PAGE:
With global warming ‘not going away,’ Romney says federal government should look to Utah to prevent wildfires
At a budget committee hearing, Romney also said it should be easier for states to ‘manage’ forests
At a Senate hearing Wednesday, Sen. Mitt Romney recommended the federal government adopt some of Utah’s policies for preventing and dealing with wildfires.
The Utah Republican said with global warming “not going to go away,” state and federal officials are going to have to learn to “deal with the reality that wildfires are going to become an increasing problem,” especially considering the persistent drought.
“So that means we have to think about, OK, how are we going to deal with this?” he said.
Romney said wildfire is a “major issue” in Utah, and with the federal government owning 70% of land in the state, it is important for state and federal government to work together.
At the state level, Utah’s program of warning residents when the threat of wildfires is high is working, Romney said.
“Our state actually has begun a program of contacting people with alerts about fire danger, and that has had an impact on reducing the number of human-caused wildfires,” he said. “So I would suggest that as at least one thing we (should) consider even at the federal level or at least encouraging states to consider.”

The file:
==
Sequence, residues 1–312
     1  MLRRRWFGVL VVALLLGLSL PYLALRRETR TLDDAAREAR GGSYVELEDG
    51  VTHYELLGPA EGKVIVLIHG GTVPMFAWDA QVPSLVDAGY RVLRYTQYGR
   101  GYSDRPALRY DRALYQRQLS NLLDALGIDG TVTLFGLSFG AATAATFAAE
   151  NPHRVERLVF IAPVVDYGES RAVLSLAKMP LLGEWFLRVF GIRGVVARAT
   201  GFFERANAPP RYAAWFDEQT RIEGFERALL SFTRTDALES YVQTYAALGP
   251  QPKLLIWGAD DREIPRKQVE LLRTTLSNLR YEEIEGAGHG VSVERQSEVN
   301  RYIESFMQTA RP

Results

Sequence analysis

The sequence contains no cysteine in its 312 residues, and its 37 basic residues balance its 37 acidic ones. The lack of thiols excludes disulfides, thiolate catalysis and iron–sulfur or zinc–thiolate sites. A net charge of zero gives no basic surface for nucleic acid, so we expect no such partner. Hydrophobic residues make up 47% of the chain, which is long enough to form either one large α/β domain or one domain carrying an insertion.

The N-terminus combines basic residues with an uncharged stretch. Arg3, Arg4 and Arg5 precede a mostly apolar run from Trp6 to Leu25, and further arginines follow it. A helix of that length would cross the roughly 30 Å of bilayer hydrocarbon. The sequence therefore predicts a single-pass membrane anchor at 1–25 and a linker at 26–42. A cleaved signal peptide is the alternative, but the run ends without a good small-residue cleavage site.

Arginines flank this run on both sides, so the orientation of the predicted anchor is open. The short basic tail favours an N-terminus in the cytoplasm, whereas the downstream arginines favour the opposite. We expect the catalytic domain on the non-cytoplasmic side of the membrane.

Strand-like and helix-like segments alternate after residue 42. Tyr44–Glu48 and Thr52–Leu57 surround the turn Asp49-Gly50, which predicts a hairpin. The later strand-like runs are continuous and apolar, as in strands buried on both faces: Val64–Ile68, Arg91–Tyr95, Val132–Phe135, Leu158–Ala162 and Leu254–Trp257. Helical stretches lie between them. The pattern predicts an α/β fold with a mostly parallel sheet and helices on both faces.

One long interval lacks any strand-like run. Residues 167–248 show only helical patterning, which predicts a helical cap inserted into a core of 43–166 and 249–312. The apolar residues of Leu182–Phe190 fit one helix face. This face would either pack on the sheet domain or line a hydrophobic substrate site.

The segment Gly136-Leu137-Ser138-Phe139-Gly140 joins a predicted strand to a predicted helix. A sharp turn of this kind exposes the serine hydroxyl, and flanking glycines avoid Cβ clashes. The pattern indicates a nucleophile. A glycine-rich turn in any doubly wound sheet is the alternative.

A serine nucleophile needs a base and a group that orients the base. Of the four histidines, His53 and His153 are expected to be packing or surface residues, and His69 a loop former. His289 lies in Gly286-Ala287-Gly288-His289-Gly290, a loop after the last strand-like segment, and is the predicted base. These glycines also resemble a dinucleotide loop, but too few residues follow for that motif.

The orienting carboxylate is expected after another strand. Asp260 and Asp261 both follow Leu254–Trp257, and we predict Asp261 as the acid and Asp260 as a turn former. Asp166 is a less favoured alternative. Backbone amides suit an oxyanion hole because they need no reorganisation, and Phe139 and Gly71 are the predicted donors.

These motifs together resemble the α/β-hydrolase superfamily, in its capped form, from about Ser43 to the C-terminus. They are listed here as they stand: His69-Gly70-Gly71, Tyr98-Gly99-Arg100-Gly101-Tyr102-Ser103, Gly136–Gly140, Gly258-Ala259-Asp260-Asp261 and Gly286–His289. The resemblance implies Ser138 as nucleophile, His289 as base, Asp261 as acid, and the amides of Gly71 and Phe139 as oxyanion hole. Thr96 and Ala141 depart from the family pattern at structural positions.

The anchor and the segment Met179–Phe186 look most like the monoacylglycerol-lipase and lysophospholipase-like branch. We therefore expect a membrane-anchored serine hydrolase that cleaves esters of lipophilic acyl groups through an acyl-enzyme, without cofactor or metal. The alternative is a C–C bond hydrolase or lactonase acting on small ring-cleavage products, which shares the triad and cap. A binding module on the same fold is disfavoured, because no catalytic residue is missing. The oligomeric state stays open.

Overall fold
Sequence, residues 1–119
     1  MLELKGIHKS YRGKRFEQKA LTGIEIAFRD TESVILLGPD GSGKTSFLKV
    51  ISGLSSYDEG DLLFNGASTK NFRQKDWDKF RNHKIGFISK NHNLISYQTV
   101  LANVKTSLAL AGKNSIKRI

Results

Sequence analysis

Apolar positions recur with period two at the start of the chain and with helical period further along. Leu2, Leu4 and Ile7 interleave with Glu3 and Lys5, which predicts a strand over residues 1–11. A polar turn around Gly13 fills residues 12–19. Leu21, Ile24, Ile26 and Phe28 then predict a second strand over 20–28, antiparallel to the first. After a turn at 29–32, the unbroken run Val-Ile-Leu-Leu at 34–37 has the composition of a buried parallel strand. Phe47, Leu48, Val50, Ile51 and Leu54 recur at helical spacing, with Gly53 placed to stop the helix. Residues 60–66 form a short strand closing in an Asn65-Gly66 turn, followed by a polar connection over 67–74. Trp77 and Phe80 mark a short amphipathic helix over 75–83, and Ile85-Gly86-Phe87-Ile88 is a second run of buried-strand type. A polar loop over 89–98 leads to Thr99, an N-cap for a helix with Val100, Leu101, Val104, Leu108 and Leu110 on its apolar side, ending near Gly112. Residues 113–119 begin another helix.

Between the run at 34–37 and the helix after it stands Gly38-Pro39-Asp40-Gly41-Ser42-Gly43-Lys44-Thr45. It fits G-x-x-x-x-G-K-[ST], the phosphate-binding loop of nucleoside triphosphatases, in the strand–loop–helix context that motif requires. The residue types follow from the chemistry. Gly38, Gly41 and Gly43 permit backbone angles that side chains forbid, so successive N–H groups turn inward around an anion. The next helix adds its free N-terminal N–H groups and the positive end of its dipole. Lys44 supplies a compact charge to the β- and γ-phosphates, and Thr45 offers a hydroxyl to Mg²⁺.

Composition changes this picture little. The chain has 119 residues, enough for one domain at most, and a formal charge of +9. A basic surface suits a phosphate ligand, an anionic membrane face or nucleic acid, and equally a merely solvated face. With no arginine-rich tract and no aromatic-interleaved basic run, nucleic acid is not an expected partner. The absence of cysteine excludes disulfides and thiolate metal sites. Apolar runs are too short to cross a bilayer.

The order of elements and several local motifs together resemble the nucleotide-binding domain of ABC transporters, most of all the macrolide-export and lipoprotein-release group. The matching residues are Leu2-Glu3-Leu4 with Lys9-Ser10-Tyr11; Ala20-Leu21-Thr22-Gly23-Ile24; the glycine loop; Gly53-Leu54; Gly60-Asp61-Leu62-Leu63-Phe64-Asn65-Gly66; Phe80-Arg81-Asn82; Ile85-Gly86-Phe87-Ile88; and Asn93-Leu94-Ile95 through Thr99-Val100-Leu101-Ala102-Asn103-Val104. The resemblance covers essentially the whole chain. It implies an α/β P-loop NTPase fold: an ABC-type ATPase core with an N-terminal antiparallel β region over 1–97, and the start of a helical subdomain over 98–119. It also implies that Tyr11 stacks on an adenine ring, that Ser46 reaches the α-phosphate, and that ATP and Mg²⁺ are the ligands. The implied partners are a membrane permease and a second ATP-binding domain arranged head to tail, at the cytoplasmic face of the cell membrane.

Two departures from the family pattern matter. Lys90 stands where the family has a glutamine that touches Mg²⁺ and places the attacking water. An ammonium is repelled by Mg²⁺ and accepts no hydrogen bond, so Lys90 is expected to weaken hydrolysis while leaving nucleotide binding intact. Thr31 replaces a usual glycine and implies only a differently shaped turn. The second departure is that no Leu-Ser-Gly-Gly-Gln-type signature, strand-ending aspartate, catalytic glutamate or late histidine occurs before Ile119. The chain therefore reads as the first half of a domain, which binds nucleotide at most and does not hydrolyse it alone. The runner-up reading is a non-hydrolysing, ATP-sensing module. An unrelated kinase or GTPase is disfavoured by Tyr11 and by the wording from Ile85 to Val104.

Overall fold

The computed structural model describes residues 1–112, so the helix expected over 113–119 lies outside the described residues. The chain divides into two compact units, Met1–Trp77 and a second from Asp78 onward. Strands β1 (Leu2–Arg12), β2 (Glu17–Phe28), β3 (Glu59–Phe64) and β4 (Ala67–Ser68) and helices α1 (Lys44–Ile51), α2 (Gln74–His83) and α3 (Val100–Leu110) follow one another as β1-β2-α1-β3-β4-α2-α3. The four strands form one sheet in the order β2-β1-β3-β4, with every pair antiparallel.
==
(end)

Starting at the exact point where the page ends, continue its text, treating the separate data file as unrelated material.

Wildfires consume 50% more acres than in the past, Romney noted, blaming the lack of forest management, and pointing to the need to clear deadwood and to thin existing trees. He also recommended controlled burns.
Nicolas Loris of C3 solutions, or the Conservative Coalition for Climate Solutions, agreed with Romney and said this is an area where the private sector and nonprofits could work together to create a “win-win.”
“I think fixing some of the regulatory processes to allow mechanical thinning, to allow prescribed burns to happen more efficiently is a viable and necessary option,” said Loris.
Utah has a hard time navigating federal environmental requirements to do controlled burns at the right time, Romney said, recommending that the federal government speed up the process for approving them. He also said he’d like to see long-term logging contracts to clear deadwood, and more airplanes to help with fighting fires.
Romney also said it takes too long for the federal government to allow remediation after a fire, resulting in flooding and other damage.
“Keeping on doing the things as we’ve been doing them is not the right way to go,” he said.
Romney said his recommendations came out of a commission created by the Infrastructure Investment and Jobs Act of 2021, which is tasked with looking at how to reduce forest fires.